The company I work for had invited the author, Colonel Lee Ellis to speak to a large crowd of employees. I had heard of the book, but never bought it. I learned of the author from the introductory bio that was circulated and made a point of attending this corporate event.
The event was scheduled for the afternoon and I was sitting down for lunch, when I saw a familiar face looking around for a good spot to sit. There were plenty of seats, but in the military, wardrooms especially, it’s rude to leave someone hanging out to dry sitting alone.
I waved to Colonel Lee Ellis, introduced myself and motioned for him to join me. We shook hands, exchanged pleasantries and I was immediately struck with just how genuine a guy this man is.
First, as a presenter, I’m sure the executives would have loved the opportunity to sit down and enjoy his company personally, but here he was, with the regular employees in our cafeteria.
Second, we bonded over the military and our corporate life experiences. Although clearly we were from different times, services, roles, experiences, and he outranked me, we talked meaningfully and I felt a mutual respect.
Three, he was open and genuinely passionate about his message. The simple core message that forms one of the foundations of not only his book, but of his company. His passionate belief in that message is clear.
Fourth, we talked about life trajectories. I half expected him to recommend setting a new course for stellar heights of corporate achievement, but instead he recognized and identified that I was living up to his message of “Leading with Honor” through the choices I was making.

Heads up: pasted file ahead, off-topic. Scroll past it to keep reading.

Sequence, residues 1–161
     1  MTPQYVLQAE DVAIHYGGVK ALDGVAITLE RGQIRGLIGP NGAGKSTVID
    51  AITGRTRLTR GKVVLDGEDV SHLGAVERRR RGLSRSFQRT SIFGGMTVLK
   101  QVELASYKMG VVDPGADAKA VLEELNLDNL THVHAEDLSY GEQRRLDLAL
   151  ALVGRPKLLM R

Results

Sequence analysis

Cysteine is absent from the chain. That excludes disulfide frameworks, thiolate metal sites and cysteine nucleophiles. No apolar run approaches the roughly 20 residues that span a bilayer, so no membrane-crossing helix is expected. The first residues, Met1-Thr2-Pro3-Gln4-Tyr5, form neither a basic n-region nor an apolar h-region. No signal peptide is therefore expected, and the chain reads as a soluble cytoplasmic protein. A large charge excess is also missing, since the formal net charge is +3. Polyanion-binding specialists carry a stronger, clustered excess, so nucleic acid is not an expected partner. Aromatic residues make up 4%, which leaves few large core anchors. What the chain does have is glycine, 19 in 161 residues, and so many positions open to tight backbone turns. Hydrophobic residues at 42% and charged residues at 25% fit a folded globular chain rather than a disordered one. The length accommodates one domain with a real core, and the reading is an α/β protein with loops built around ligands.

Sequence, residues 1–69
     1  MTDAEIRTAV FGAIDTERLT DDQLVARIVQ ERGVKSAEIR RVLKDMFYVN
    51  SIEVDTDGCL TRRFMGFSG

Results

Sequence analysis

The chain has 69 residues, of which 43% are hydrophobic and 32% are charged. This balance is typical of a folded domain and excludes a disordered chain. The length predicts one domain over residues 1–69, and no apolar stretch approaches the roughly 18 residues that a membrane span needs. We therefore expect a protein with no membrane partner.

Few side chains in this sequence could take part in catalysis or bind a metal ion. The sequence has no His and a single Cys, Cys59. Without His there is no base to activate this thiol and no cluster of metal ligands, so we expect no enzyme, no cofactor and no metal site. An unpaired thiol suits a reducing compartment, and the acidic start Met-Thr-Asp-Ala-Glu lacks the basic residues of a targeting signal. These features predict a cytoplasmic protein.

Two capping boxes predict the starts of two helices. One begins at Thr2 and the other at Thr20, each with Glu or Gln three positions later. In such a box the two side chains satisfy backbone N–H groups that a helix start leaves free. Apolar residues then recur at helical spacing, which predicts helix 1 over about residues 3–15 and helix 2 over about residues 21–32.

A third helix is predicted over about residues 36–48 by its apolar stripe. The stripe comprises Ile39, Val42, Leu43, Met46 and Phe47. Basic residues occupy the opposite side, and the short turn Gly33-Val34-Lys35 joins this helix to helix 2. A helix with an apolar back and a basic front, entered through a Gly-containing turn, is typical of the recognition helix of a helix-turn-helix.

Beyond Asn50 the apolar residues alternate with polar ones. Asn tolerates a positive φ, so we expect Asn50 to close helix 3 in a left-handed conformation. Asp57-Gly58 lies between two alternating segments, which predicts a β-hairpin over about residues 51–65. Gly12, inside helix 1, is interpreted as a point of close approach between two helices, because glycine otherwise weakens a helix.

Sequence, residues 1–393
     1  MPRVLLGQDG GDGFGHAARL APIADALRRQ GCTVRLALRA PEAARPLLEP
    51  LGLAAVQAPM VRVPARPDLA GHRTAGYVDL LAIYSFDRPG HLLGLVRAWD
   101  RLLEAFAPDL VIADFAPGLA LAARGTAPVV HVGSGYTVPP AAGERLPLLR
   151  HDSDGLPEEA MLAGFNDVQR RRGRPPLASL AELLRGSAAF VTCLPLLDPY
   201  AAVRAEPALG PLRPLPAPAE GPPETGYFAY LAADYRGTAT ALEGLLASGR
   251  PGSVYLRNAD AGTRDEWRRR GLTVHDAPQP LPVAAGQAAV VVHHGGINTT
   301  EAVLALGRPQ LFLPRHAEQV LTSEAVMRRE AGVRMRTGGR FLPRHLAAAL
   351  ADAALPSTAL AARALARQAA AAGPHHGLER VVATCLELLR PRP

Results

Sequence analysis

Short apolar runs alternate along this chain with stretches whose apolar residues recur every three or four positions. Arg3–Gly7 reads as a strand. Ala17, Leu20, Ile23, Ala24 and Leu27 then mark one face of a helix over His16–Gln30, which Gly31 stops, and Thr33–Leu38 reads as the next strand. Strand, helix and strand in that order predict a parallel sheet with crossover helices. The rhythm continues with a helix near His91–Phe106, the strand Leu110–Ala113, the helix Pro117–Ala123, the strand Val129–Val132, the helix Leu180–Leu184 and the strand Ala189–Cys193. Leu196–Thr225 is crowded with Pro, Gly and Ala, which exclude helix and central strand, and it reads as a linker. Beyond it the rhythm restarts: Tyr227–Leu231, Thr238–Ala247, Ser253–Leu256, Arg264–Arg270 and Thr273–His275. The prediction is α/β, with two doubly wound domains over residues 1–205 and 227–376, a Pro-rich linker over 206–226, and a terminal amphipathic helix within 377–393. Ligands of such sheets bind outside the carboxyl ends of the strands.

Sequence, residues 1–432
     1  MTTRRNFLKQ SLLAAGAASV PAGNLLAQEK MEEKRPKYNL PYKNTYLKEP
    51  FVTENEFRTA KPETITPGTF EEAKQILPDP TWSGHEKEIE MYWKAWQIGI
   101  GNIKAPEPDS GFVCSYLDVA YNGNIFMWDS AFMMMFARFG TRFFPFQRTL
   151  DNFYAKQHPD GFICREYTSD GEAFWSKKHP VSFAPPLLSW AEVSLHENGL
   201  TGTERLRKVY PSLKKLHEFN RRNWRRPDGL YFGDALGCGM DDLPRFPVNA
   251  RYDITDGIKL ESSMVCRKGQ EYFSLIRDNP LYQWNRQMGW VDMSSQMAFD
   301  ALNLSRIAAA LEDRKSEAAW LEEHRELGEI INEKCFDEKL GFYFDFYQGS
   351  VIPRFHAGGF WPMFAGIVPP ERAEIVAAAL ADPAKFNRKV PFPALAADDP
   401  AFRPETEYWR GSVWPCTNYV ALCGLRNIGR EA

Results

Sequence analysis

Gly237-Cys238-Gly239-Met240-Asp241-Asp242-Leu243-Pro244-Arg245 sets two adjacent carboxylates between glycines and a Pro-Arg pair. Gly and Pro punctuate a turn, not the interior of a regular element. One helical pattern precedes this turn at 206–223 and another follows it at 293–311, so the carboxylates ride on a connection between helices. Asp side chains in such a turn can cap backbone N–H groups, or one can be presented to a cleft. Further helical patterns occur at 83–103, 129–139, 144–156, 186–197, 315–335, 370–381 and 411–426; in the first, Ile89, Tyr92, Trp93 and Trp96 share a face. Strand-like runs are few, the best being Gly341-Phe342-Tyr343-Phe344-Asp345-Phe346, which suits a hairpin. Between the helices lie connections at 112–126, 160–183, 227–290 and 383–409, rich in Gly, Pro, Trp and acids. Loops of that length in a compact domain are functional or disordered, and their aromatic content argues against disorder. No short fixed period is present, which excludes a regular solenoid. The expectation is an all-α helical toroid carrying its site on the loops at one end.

Although we only shared about forty five minutes of time with cafeteria food that I couldn’t even recall, I have to say it was an excellent experience. When we said good bye, I have to say, I thought that would be the end of it.
As we filed into the auditorium it was clear, the CEO jokingly called me out in the crowd and asked why I hadn’t bought the Colonel lunch. Of course I had to shrug and say, he had already bought it when we met.
During the Colonel’s presentation, he was on point and clear about his message and how it can be applied to the corporate environment. It also included a certain amount of background around his experiences, but not so much that your eyes glazed over from war story overload.
I’ve since read his book “Leading with Honor” and highly recommend it. It recounts a significant amount of his POW experience and shares the character lessons he took away from it in a way that I found riveting.
If you ever have the opportunity to meet or hear a presentation with Colonel Lee Ellis as I did, jump at the opportunity. Definitely check out the book.